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climate change news corp
News Corp columnist Andrew Bolt.

News Corp is the home for climate denial in Australian media. With sceptics Andrew Bolt, Miranda Devine, Terry McCrann and Tim Blair as columnists, and Graham Lloyd as The Australian’s environment editor, the parent company of Australia’s most-read and influential newspapers provides a regular megaphone to denialist theories.

In the past year alone, The Australian (News Corp’s national broadsheet) has run stories by its environment editor Graham Lloyd that have:

Of all News Corp’s Australian titles, it’s The Australian’s science news coverage that’s most often picked up for pushing climate denialism. Instead of giving most weight to the scientific consensus, it gives credence to scientific outliers, as with Lloyd’s Great Barrier Reef story.

Lloyd’s reporting is a regular fixture on the ABC’s Media Watch, as well as the focus of other media observers (including Crikey). But The Australian and its tabloid stablemates also use their opinion pages to ridicule scientists and media outlets or journalists that report on climate change.

The Herald Sun’s Andrew Bolt refers to those who believe the accepted climate science as “warmists”, while his Daily Telegraph colleague Miranda Devine blames bushfires (including 2009 the Black Saturday bushfires) on “green ideology” and rejects any connection between climate change and extreme weather events.

Bolt and Devine both have regular broadcast commitments on News Corp’s Sky News.

The local newspapers’ denialism follows a global pattern for News Corp products — a 2012 analysis found that climate coverage by Fox News and The Wall Street Journal were “overwhelmingly misleading”.

Researchers from the University of Melbourne studied opinion pieces and letters to the editor published in the local News Corp and (what was then) Fairfax newspapers between 2009 and 2013, and found that the “science accuracy” was much worse in the News Corp papers. Professor David Karoly worked on that research when he was at the University of Melbourne, but is now at the CSIRO’s earth systems and climate change hub (part of the national environmental science program). He told Crikey that they found a greater bias in both opinion pieces and letters to the editor in News Corp papers, and especially in The Australian.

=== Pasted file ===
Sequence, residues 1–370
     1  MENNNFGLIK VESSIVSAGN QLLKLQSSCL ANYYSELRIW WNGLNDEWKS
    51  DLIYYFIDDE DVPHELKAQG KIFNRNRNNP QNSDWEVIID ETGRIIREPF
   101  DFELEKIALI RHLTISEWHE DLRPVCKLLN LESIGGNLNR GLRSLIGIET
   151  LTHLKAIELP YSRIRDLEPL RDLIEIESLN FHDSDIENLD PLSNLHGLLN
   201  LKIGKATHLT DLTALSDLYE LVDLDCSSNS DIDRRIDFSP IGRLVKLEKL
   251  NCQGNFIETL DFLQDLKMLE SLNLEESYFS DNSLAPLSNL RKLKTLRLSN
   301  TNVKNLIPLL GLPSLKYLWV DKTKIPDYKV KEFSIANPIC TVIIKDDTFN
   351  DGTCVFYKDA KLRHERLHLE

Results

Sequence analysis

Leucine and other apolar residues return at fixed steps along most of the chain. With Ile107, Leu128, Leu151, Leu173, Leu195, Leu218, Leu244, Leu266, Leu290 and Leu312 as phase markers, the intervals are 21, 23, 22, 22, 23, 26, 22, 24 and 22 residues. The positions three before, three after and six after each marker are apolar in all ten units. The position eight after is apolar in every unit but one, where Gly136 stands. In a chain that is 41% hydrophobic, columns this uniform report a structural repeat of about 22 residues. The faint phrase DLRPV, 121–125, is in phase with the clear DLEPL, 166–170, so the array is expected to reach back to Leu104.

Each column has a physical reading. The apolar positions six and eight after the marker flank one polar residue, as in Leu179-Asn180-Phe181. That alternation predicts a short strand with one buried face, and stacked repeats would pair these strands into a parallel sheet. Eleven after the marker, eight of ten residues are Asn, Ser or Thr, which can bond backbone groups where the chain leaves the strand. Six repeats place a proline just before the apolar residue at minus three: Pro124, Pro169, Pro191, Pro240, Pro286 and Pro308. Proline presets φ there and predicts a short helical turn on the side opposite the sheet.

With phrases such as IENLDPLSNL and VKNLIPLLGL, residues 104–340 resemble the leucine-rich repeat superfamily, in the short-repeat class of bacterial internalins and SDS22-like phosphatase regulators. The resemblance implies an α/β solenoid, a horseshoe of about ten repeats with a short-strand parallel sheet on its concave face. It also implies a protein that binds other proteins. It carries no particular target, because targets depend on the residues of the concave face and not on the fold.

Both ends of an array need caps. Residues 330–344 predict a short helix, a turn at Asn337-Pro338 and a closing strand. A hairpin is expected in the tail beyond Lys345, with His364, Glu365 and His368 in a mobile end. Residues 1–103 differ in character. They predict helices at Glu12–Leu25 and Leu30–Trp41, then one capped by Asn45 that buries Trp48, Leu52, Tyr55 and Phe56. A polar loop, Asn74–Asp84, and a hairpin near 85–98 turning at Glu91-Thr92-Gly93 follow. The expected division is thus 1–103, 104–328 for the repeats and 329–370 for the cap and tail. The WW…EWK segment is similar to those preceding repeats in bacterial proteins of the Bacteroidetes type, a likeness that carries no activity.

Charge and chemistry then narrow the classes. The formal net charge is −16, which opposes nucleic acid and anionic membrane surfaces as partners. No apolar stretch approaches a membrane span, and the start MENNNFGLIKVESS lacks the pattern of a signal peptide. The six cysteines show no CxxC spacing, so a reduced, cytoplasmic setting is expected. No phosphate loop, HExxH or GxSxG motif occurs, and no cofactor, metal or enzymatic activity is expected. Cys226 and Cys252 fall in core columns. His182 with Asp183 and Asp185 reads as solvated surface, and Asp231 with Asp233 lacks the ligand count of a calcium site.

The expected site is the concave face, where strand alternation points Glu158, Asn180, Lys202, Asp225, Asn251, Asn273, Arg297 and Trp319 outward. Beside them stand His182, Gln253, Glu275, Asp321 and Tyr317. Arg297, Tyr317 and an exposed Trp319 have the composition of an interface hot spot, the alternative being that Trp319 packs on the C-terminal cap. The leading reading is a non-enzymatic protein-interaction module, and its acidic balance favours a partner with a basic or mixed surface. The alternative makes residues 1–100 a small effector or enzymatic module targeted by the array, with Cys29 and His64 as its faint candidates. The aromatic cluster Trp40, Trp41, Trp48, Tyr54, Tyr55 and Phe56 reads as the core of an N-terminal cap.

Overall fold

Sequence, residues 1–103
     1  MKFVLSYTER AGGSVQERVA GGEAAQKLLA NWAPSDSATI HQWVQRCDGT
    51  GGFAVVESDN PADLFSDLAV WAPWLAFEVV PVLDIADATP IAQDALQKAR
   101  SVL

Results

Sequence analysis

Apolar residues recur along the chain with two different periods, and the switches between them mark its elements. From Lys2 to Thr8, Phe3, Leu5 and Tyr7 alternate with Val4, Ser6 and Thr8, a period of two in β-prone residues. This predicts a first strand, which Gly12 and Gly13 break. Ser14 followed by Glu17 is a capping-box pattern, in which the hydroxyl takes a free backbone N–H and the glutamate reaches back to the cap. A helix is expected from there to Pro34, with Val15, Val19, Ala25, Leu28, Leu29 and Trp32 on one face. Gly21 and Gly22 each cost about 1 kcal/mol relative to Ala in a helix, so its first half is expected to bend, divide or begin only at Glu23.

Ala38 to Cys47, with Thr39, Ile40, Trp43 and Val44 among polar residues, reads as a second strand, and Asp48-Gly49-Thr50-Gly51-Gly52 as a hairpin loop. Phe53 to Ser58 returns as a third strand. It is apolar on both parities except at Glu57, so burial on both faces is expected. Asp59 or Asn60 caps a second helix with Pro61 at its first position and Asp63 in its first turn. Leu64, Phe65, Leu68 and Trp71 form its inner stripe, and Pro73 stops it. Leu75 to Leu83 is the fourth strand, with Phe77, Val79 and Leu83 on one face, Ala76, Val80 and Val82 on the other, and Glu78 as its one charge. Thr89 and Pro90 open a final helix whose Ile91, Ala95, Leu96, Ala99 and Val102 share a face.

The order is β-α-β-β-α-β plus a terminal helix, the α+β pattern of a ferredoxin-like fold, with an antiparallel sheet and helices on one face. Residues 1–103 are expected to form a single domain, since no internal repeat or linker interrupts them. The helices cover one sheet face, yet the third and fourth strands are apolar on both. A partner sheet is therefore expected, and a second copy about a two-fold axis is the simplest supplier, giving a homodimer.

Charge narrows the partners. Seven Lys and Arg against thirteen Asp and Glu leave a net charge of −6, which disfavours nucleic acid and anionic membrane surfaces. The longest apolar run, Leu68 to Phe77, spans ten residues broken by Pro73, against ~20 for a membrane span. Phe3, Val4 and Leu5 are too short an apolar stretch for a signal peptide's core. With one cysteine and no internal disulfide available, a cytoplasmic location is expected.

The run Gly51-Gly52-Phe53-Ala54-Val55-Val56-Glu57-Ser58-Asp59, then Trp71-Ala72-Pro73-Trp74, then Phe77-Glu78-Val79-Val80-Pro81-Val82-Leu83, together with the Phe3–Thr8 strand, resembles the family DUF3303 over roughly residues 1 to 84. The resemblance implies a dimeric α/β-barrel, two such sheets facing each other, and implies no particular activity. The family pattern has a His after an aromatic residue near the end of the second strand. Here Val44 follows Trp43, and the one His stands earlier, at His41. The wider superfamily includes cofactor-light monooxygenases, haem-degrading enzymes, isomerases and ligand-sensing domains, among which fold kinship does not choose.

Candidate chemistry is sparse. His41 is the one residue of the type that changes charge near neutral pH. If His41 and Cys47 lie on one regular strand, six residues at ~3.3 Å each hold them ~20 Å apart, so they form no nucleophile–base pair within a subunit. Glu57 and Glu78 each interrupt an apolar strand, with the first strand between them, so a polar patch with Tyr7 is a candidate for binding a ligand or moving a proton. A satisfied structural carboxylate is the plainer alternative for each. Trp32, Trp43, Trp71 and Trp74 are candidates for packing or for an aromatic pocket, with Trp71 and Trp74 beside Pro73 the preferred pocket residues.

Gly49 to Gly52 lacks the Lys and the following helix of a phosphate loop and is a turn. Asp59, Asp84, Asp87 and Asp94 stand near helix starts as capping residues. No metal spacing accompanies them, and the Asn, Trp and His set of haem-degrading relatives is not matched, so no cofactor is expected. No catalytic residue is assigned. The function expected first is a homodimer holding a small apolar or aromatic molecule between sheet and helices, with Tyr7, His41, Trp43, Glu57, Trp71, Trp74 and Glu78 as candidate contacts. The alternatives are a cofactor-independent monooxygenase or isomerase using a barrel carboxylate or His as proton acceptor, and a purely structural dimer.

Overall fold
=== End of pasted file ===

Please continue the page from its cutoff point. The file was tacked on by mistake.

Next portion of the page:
“The opinion pieces in The Australian newspaper, which are often not submitted but sought, ended up being significantly more biased than the letters to the editor, and this is still the case,” he said. “It’s clear that the News Corp newspapers are trying to influence an audience, but particularly when it’s in commissioned opinion pieces.”

The research also found that The Australian was more biased than its tabloid stablemates, the Herald Sun and The Daily Telegraph.

“They try to strengthen a view around climate change not being an issue, or the major costs perceived to occur with moving away from coal-fired power stations and to renewable energy,” he said. “They’re essentially spruiking a Rupert Murdoch view that they do want to undercut or destroy the credibility of the science that’s been accepted in international assessments around the world and the IPCC assessment but it doesn’t fit their owner’s ideology.”

While there have been recent complaints to the Australian Press Council about News Corp’s climate change coverage, a spokesperson said none have gone as far as adjudication. A complaint about a 2012 Bolt column that inaccurately described some of the global warming science was partly upheld, but complaints about Tim Blair in 2011 and Piers Akerman in 2012 were not upheld. The most recent complaints about climate change to go to adjudication were in 2014, the year that the council upheld complaints about The Australian’s 2013 reporting on that year’s IPCC report.

This piece is part of our dedicated climate change series, Slow Burn. Read the rest here.

Peter Fray

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Peter Fray
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